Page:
Two other new Logitech headsets, the G433 and G233 Prodigy, promise a comfortable, lightweight experience with the support of high-quality Pro G audio drivers. Both headsets offer removable microphones, but only the G433 headset comes equipped with 7.1 surround sound, an extra pair of earpads, and a USB cord featuring volume control. The prices for these models fall around and above that of our top pick. When we test these headsets, we’ll examine the durability, the fabric finish, the removable mesh earpads, and the differences in quality across PC, console, and mobile device use. Logitech claims its G Pro headset—designed in collaboration with pro gamers—has ear pads with “50 percent more sound isolation than other ear pads” and a pro-grade microphone designed for improved clarity.
With the GameDAC converting the audio, the SteelSeries Arctis Pro then becomes a complete audio system that delivers tremendous sound with a range of tuning options. Like the SteelSeries Siberia 800, the control box offers a number of inputs and outputs. This headset is compatible with both PS4 and PC and comes with cables for USB and optical connections on those devices as well as an option to use the headset with a mobile phone.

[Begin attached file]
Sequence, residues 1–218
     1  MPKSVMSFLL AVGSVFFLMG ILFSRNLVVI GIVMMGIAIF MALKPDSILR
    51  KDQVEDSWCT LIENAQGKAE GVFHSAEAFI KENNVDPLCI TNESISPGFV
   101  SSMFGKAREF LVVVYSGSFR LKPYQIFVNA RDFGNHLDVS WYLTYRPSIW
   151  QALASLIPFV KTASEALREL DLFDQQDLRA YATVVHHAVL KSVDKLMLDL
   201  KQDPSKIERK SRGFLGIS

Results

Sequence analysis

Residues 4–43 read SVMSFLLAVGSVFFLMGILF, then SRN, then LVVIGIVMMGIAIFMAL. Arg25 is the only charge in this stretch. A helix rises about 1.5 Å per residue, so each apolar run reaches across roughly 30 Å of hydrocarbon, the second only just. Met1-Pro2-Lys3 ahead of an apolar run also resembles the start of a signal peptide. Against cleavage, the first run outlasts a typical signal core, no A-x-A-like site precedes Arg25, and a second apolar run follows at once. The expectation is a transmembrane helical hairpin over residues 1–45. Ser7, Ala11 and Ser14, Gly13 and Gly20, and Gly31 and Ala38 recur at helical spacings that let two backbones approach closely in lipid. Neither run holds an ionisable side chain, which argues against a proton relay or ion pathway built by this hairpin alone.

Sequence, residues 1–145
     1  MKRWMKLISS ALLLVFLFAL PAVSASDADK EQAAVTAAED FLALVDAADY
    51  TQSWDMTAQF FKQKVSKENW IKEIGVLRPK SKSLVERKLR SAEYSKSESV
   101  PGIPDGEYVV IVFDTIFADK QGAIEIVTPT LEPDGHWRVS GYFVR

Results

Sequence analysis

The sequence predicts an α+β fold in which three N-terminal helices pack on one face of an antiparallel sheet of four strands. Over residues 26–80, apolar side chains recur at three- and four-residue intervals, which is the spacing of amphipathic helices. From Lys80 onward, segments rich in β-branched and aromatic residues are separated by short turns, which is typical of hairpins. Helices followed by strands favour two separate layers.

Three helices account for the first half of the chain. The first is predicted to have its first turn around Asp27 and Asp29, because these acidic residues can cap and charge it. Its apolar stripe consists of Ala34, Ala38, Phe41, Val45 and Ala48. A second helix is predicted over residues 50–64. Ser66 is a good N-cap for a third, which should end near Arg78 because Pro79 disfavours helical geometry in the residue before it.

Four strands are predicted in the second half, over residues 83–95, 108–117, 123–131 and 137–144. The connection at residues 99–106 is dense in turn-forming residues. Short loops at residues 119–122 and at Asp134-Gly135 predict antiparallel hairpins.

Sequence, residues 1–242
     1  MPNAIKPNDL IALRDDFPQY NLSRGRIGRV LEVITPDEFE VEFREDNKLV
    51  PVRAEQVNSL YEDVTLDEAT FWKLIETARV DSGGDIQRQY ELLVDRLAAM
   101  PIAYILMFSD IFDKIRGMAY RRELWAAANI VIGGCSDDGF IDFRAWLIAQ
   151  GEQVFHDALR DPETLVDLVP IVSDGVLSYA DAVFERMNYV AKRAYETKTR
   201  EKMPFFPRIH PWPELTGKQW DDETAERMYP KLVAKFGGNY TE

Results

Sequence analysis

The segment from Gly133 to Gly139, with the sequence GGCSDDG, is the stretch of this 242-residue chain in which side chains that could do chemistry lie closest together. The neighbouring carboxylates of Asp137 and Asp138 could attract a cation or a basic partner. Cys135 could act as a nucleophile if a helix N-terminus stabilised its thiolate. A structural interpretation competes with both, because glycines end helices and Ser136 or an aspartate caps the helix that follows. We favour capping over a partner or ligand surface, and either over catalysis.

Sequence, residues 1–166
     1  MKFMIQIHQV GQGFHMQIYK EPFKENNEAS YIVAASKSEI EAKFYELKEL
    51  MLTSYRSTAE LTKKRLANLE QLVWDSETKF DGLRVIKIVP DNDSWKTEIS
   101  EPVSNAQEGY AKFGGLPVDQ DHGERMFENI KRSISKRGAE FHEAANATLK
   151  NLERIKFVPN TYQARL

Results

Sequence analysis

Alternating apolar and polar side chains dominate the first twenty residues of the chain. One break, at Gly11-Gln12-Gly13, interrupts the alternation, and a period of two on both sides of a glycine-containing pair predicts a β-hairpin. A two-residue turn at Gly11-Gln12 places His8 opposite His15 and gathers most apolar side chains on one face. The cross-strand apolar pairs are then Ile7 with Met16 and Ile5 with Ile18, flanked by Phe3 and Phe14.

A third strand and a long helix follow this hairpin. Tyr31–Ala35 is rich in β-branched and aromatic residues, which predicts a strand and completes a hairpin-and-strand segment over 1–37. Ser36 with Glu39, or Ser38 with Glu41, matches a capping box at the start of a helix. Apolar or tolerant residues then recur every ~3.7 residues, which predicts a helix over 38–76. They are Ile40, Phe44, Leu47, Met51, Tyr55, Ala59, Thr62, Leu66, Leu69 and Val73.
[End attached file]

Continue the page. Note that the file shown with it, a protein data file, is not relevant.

The sound quality is great for games and comes with ‘FPS’, ‘Moba’ and ‘Cinematic Gaming’ presets. Music also shines and Logitech’s Gaming Software allows all presets to be adjusted and custom ones to be created, something we wish HyperX would employ on their Cloud Alpha headset. Buttons on the ear cups allow quick swapping between profiles and the mic quality was adequate for standard use. The headset although slightly heavier than some, is very comfortable, especially around the ear cups. It feels solid too - something the more expensive ManO’War failed to be - for considerably less money. It has USB and 3.5mm connectivity allowing use across multiple devices, which some higher priced models can’t claim. Aside from the custom preset features, the G633 comes with RGB lighting (of course), and Dolby 7.1 or DTS X Surround. If you want a high-end headset without the High-end price tag and don’t mind wired connectivity, this is the one for you.